Crypti is situated such that by design their life is vulnerable to arbitrary interference at the whim of another – in the philosophical jargon, they’re dominated (see Pettit 1996; 1997). It’s not just that somebody could interfere with their life, it’s that the social structures they inhabit are designed to make this possible. Conversely, the social structures that Kim inhabits are designed to limit how much his employer can interfere with his life. These structures might be – are likely to be – imperfect. Still, their explicit goal is to make sure that Kim is able to make his own decisions not only about how to do his job, but more importantly whether or not to do his job at all. Kim is non-dominated, while Crypti is dominated – and they seem to be dominated in just the way that the people in the Bioware examples are dominated (a servus publicus cannot choose to become a merchant instead).
So we have reason to think that Tevinter and IndentureTech are indeed engaging in slavery, and can turn to the second question: Does volunteering make a difference?
To answer this question, it helps to think about autonomy. What you conclude will depend on whether you think of autonomy primarily as a matter of knowing what you want to do; of doing what you want to do with your life; or of being able to control how your life goes. Let’s consider each of these in turn.
Taking the first line, we find people like Frankfurt (1971) and Dworkin (1976; 1981). According to them, autonomy is – very roughly – a matter of endorsing your first-order desires at a higher-order level. Say you have some first-order, world-facing desire, like “I want a pint”. If you want this desire to be effective – if you endorse its efficacy at a higher-order level – then according to them you’re autonomous. Under this view autonomy is a psychological matter, one to do with the efficacy of the “deep” or “true” self over its first-order desires. So long as the enslaved agent continues to endorse those desires that point them in the direction of slavery, it is indeed conceptually possible to be an autonomous slave.
Regardless of whether you think this is convincing in the slave case, there are reasons to be suspicious of structuralist views. Suppose that a Tevinter woman becomes a servus publicus, reasoning that it is the best (and perhaps only) way to save her family from poverty, but feels considerable grief at the loss of her former freedom. In other words, she has a first-order desire to be free, but endorses her servitude at a higher-order level. Marilyn Friedman (1986: 31) pointed out that on views like Frankfurt’s and Dworkin’s, the servus publicus would be made more autonomous by rejecting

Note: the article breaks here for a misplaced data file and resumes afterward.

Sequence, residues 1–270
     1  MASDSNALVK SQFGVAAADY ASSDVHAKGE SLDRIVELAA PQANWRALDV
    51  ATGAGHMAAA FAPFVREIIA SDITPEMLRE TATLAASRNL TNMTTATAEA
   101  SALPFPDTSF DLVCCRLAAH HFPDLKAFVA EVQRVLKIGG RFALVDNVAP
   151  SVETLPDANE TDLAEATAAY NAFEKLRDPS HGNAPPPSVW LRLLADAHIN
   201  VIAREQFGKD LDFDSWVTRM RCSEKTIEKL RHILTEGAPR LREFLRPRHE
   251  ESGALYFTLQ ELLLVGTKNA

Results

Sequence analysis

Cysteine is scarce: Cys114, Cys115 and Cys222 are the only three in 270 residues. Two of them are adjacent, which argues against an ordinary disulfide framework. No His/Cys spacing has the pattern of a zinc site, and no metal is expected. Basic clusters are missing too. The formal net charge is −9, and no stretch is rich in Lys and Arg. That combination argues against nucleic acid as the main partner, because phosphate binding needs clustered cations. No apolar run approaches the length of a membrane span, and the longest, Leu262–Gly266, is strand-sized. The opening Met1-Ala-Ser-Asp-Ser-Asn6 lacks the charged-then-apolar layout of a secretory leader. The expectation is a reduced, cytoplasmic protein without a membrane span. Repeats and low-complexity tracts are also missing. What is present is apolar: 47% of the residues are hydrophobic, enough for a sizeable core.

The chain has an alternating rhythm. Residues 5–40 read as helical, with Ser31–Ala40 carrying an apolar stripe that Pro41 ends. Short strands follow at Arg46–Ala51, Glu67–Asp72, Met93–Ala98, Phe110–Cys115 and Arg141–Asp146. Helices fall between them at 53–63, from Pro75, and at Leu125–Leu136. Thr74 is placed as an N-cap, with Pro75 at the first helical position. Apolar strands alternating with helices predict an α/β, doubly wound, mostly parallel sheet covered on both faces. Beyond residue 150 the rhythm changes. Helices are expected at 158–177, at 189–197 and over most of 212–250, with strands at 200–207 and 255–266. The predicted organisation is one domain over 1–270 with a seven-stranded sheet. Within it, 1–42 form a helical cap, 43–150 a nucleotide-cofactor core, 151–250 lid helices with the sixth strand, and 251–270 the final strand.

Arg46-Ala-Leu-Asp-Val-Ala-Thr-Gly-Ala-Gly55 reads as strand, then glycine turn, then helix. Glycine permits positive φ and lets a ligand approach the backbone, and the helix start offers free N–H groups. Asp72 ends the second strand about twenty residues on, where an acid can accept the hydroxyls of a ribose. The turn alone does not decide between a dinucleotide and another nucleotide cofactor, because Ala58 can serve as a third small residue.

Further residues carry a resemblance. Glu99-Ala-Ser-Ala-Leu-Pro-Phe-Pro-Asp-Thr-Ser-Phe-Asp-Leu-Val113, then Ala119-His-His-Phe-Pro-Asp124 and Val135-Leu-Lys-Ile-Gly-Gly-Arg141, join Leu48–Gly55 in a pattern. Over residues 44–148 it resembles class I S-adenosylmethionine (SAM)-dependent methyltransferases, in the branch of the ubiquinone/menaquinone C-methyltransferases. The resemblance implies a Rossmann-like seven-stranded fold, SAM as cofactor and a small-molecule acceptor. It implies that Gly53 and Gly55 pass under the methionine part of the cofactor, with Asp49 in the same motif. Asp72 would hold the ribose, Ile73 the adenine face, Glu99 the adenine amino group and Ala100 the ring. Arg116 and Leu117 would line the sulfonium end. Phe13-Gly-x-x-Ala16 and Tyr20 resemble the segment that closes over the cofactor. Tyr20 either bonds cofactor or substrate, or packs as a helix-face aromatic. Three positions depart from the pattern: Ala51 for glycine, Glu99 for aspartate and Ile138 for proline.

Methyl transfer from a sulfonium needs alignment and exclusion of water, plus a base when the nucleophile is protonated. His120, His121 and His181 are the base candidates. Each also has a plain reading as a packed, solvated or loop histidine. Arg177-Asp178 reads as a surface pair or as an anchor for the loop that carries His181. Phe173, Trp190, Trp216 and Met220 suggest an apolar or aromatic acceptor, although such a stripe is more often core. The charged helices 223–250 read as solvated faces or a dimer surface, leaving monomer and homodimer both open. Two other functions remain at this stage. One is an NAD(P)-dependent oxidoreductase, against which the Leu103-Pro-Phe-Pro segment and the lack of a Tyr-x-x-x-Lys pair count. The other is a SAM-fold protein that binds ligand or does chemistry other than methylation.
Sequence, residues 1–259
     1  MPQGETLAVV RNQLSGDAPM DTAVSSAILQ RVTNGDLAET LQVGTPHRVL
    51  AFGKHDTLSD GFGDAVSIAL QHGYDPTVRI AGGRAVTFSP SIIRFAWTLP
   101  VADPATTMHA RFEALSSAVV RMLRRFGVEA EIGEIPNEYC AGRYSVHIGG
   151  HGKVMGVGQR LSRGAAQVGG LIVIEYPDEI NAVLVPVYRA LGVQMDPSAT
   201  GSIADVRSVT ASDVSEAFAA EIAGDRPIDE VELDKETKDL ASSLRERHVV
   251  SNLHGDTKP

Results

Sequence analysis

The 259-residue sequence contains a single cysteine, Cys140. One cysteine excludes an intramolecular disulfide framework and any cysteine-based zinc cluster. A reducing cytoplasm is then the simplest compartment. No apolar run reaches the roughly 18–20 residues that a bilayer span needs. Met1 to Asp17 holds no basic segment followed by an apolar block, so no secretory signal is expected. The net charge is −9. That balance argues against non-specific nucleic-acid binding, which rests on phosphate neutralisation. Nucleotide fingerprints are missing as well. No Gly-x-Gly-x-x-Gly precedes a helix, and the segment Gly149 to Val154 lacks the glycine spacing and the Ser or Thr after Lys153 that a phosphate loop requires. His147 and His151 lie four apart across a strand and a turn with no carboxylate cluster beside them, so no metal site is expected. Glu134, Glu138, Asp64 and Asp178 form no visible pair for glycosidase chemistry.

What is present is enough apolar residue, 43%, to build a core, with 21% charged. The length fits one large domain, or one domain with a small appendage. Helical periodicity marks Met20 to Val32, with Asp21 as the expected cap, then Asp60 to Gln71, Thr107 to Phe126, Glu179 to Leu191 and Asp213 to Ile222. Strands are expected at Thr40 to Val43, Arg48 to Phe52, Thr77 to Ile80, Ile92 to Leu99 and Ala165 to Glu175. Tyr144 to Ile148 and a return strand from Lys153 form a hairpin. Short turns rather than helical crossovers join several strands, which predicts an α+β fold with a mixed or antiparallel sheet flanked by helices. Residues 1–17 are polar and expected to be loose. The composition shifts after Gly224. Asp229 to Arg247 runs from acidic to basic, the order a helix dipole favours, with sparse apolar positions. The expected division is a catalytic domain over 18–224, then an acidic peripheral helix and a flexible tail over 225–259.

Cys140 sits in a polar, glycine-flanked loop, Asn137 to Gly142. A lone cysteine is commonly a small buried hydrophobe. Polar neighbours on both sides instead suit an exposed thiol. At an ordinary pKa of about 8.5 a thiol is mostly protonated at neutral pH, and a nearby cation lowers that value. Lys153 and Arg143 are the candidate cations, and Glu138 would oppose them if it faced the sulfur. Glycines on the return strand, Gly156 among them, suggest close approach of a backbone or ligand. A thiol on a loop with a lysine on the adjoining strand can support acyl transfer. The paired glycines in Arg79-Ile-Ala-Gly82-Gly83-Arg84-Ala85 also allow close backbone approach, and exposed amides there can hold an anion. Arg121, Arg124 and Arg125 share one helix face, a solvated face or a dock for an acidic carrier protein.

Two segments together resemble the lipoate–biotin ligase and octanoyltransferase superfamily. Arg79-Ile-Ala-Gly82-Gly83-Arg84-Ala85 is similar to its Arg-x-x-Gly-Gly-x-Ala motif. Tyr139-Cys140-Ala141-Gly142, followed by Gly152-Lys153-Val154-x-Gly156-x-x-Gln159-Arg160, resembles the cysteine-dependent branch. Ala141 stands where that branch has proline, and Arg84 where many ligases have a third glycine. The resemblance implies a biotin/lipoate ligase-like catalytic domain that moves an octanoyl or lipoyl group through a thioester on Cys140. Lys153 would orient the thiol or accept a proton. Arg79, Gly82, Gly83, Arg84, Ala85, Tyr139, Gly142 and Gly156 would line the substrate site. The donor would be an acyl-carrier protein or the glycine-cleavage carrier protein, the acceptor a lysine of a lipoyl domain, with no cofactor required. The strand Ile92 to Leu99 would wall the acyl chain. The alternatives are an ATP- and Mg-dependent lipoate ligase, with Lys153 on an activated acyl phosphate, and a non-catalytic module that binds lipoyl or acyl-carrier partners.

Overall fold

“her frustration grief and depression, and the motivations to change her life which spring from these sources…[and which] may be her only reliable guides.”
That is, supposing that she still endorses the servitude, still “wants to want” to be a good servant, then under the structuralist model she would become more autonomous by squashing the desire to chib the overseer, set fire to the big house and run like hell for a less constrained life. This seems – to use the technical term – exactly bass-ackwards to Friedman. Thinking about why might be illuminating.
Generally, we think of autonomous agents as not merely knowing (more or less) what they want out of life, but also being able (more or less) to get it. In Friedman-type cases, though, it seems not only that you can become more autonomous by subordinating what you want to some pre-existent conception of what you should want, but also that whether you get what you want is irrelevant to whether you’re autonomous.
“You think people choose to be poor and oppressed? I doubt it…”
A response might be to invoke what’s called procedural independence, in other words, that how you form your desires is important too. The procedural independence theorist is likely to say of the voluntary slave that something is amiss with how they’ve formed the desires to be subservient – faced with the choice between slavery or starvation, the person is making choices that, because of the pressure, don’t represent who they “really” are. This may well be true in lots of cases, but i) we ought to be careful of suggesting that people aren’t competent over their own desires, and ii) it still doesn’t evade the problem that so long as your desires line up right - or have been/can be subjected to critical thought - whether they’re met doesn’t matter for autonomy. This seems weird considering that “living a life of one’s own” is near-as-damnit the one-line gloss on what it is to be autonomous.